St. Louis Poet Karen Smead Mondale: “He would tell you he never was an artist.”

I first met KAREN SMEAD MONDALE, long-time community activist and retired educator, last fall at a Duff’s River Styx poetry reading. She read at Duff’s this week as part of Loosely Identified, a St. Louis women’s poetry workshop, while I was on my Nashville audiobook recording trip, so I missed that treat.

Karen Mondale at Copperhead Cliff, family retreat (photo courtesy Karen Mondale)

I later met Karen at the St. Louis Poetry Center Gala in the fall where we viewed an amazing collection of antique cars and turn-of-the-century French posters out by the airport while sipping champagne and listening to winning poems.

Karen edits the St. Louis Poetry Center Newsletter (available on the web), and participates in Loosely Identified, a women’s poetry workshop, and the St. Louis Poetry Center. Five of her poems were included in Breathing Out, an anthology published by Cherry Pie Press, and others can be enjoyed in the Mid Rivers Review, a Literary Journal. She has given poetry readings in the River Styx series at Duff’s, at Genesis House, the Regional Arts Commission and for a charity event held in the Forest Park Golf House. Karen’s dog’s name is Solace, and she specializes in creating soups, and seves them in Francoma soup tureens.

Her lovely poem, “He Would Tell You He Never Was an Artist” printed below, won honorable mention in the James Nash Poetry Contest, in 2007.

Then, this year Karen took a second Honorable Mention in the James Nash Poetry Contest. She read her prize-winning poem “Joe, 1960” at the Atrium Gallery this past Sunday, May 18. This is a a poem that speaks about the difficulties of getting past the trust divide between blacks and whites who wanted to be friends in 1960.


Lester Mondale (courtesy Karen Mondale)

by Karen Mondale (copyright 2008, all rights reserved)


It never was fired,
and so
the only proof
that once I could hold it within my hands
remains in the photograph
against the wall:
A preacher
behind the pulpit,
one hand on the good book
and the other raised to shake a fast fist at sinners,
its mouth contorted wide,
spitting eternal fires
at those who chose another way;
this piece of clay, he said,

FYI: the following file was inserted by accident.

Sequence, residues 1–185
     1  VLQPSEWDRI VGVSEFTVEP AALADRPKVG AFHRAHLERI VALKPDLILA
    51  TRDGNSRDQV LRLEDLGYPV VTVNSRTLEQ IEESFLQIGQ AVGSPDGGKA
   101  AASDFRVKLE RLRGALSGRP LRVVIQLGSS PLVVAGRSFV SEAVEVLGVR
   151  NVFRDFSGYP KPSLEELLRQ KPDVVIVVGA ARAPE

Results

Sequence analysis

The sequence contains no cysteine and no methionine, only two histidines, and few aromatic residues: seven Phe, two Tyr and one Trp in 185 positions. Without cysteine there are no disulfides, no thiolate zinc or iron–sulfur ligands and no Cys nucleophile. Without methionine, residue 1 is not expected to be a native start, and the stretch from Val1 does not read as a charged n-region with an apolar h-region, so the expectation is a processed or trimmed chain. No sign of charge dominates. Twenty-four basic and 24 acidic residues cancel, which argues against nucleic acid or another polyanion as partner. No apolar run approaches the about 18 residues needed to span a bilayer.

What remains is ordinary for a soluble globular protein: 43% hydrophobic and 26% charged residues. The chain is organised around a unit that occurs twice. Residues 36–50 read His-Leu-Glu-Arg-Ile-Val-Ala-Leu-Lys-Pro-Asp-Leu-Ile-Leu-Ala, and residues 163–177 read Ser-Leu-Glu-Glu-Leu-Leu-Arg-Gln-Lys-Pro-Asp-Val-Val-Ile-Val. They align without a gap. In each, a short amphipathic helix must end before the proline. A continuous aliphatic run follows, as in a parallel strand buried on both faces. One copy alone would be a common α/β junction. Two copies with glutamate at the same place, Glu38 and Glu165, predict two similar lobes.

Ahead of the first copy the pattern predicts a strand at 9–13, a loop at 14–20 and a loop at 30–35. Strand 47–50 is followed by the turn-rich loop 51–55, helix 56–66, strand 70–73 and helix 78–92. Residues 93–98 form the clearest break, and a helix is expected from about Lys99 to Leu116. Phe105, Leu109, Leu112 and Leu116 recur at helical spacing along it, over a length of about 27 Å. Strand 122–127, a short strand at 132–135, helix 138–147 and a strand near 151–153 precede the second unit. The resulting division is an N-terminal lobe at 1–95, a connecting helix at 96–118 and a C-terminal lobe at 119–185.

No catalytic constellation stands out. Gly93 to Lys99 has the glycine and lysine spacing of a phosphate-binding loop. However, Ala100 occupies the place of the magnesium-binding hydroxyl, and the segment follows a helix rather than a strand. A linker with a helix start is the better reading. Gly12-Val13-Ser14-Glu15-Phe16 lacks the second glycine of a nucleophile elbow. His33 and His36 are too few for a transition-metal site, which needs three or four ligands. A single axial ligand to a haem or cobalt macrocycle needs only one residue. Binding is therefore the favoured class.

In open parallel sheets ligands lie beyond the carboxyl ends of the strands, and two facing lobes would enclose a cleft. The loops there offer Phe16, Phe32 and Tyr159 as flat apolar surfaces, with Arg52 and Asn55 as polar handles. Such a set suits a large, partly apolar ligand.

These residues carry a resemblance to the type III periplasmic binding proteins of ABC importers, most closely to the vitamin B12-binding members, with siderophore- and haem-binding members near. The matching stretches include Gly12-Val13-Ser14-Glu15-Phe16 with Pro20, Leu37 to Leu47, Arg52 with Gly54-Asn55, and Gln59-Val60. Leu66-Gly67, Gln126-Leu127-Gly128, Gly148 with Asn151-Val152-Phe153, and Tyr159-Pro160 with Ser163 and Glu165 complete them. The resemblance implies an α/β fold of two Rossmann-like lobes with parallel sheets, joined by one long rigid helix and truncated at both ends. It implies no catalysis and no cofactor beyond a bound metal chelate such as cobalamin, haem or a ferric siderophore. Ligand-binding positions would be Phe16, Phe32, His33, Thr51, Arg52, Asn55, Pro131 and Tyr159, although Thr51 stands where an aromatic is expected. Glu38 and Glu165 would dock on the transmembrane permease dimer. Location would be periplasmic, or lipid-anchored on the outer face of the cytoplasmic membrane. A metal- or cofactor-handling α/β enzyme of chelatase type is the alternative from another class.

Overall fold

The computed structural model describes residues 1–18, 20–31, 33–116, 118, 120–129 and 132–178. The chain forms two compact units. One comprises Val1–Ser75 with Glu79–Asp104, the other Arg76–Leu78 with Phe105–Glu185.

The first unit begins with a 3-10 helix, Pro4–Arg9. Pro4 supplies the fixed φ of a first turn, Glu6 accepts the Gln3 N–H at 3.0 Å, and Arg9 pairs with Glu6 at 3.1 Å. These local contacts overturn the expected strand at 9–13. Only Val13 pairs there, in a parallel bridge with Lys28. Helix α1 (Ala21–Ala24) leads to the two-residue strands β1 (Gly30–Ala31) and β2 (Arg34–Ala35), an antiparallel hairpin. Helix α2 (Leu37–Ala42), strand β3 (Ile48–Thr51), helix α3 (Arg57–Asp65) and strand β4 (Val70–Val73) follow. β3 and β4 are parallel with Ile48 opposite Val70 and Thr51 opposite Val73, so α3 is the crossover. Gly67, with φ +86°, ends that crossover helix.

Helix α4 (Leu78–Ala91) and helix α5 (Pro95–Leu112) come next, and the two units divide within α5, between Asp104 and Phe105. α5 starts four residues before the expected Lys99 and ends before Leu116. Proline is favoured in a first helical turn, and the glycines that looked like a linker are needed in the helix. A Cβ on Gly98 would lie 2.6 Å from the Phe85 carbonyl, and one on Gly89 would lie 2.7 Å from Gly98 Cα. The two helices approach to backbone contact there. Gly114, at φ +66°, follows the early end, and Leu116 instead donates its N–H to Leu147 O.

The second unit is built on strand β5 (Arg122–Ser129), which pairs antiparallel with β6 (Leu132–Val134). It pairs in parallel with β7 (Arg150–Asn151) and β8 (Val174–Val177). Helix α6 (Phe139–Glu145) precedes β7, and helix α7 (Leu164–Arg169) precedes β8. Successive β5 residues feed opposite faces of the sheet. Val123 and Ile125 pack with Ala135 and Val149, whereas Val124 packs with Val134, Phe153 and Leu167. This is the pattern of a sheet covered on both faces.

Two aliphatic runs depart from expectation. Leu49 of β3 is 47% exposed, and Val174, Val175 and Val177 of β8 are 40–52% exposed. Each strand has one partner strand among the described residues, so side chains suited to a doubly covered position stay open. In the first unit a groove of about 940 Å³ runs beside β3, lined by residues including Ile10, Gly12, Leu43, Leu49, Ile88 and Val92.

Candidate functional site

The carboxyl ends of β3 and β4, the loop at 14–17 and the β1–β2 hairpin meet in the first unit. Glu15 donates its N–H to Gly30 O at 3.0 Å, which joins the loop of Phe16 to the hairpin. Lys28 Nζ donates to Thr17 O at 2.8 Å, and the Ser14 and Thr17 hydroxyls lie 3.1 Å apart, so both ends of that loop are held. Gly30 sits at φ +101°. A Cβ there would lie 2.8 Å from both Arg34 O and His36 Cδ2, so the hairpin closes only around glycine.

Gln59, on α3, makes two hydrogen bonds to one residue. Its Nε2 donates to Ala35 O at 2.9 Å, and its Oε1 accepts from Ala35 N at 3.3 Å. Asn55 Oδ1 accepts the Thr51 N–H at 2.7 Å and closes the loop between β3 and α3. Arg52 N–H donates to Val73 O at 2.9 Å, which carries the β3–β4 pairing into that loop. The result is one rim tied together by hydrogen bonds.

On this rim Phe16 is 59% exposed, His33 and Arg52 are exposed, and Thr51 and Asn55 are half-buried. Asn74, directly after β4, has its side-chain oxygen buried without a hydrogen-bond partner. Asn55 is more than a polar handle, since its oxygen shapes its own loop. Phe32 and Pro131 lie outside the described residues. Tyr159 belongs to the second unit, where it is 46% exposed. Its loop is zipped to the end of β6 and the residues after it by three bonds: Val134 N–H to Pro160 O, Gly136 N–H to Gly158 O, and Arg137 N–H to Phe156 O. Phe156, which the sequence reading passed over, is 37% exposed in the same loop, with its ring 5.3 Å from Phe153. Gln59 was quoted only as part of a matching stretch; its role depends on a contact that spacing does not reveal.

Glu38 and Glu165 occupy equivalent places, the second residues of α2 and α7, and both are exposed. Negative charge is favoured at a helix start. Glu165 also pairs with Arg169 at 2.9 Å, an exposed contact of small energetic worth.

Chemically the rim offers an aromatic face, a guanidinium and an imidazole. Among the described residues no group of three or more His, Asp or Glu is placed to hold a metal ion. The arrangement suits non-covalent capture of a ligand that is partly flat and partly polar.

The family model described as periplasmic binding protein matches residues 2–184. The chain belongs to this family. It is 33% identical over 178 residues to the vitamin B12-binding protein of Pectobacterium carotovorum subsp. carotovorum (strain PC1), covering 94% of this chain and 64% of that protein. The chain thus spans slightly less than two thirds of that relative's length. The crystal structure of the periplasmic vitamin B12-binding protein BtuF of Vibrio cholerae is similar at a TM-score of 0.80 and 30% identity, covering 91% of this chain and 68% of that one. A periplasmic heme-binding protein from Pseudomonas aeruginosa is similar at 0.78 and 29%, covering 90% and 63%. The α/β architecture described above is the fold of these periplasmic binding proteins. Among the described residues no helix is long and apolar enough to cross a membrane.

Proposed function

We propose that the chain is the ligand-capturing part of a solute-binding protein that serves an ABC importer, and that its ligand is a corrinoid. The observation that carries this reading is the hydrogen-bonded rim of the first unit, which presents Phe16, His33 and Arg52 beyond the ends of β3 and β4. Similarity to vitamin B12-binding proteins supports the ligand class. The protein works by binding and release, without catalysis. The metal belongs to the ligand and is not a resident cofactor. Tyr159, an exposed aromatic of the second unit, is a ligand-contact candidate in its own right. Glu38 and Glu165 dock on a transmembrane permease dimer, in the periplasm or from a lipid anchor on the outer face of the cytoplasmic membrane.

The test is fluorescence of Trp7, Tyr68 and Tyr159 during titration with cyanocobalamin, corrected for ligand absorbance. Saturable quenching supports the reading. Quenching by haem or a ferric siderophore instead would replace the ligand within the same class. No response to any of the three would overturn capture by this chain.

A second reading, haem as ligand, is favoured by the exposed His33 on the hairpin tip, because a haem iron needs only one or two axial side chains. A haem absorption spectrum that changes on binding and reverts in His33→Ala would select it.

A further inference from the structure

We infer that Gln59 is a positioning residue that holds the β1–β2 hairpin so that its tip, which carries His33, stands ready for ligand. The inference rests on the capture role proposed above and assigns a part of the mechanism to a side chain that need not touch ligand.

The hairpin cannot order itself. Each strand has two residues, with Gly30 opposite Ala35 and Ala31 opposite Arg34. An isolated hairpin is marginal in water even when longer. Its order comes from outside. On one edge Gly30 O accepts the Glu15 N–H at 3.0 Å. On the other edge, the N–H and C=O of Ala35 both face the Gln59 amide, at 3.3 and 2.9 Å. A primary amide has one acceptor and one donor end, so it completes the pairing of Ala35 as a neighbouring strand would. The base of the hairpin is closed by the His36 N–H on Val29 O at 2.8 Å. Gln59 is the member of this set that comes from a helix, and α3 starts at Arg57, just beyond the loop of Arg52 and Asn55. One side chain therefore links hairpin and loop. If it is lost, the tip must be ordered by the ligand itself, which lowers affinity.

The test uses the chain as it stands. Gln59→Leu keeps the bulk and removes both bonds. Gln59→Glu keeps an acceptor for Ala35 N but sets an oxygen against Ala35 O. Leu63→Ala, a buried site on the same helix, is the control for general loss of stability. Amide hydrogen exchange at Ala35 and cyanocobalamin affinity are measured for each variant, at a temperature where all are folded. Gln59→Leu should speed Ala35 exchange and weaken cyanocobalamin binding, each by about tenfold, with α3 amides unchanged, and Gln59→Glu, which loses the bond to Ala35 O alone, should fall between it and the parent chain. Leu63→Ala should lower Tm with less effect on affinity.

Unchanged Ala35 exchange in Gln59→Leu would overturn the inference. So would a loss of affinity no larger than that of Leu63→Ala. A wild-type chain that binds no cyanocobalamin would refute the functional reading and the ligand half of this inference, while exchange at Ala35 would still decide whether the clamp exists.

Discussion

was his reminder
of all he abhorred
in small minded men.

The Preacher, sculpture by Lester Mondale, photo courtesy of Karen Mondale


Only a recollection remains of the
one morning when we woke up,
my sisters and I,
to run downstairs and
into a stunning world of
flirty mice in clothes, ducks in ruffles,
rabbits with giant teeth, scrawny cats with great grins,
witches, masked boogie-men and Snow-White
with her seven dwarfs;
all these merrily marched
around the walls
of our dining room.
The day before the drawings,
those walls had been covered
in cabbage roses, and the day after,
we gathered within a pattern of stately stripes.

Lester Mondale at Copperhead Cliff, where the Mondale family spent summers. Karen’s father retired and lived at Copperhead Cliff until the night he died. (photo courtesy Karen Mondale)


Visitors to our hilly summer home,
christened Copperhead Cliff,
slowly drive through the 90 wooded acres
to find the sign he carved from
a piece of felled tree.
Nailed to a live tree
remains the invitation to
“abandon all despair, ye who enter here.”

The lean-to shed
stored cords of wood in
neatly stacked logs,
cut ends facing out,
patterns of wood grain decorated
with more patterns of sunshine and shadows,
these sawed from trees
he had carefully selected in the forest
to encourage the growth of young trees
by thinning out the old wood.
An ax and a thick stump
remain as testimony to his years
of splitting logs into firewood.


He called it the lamb of god,
this piece of granite,
and he rolled it day by day,
a little every day,
until it reached
its perfect position
on the granite shelf
where it remains
a piece for contemplation and reflection,
a little to the left and
slightly downhill from
the picture window.

He would tell you
he never was an artist.

He would tell you that
art is in the contest
between man and the wily packrat,

He would tell you that
art is slaughtering a hog
at your neighbor’s farm
in the morning and then
attending evening theater in New York.

He would tell you that
art is in this old oak tree,
still producing acorns,
after decades of struggle
in stony ground and cramped space
between the house and the boulders behind it.

He would tell you that
art is in the habits of discipline
which enable a man to function
long after he no longer recalls
the reason for a particular chore.

and he would tell you that
art remains in the running waters,
the passing possum,
the mating copperheads,
the people from whom he came, and
the living daughters and grandchildren
he left behind.

He would tell you
He never was an artist.

copyright 2008 photos and poem…all rights reserved Karen Mondale

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  1. Oh, how I wish to be in that delicious dining room, seeing its transformation from day to day and taking inspiration from it! Karen, you have conveyed the spirit and soul of your father in words of love and understanding. Thank you for this personal glimpse into his life.

  2. That feels so natural and compelling! What I like in this tribute is the art of crediting a loved one as the ‘different person’ by using a single line of verse (the last line). Very poetic! Thank you Karen for sharing your tribute with us!

  3. “Abandon all despair, ye who enter here” If only we could live that way, and all find ourselves able to embrace the world in all its splendid and challenging diversity the way Lester Mondale clearly did. What an inspiring tribute! Thank you Karen, and thank you, Janet, for bringing Karen’s work to Riehlife!


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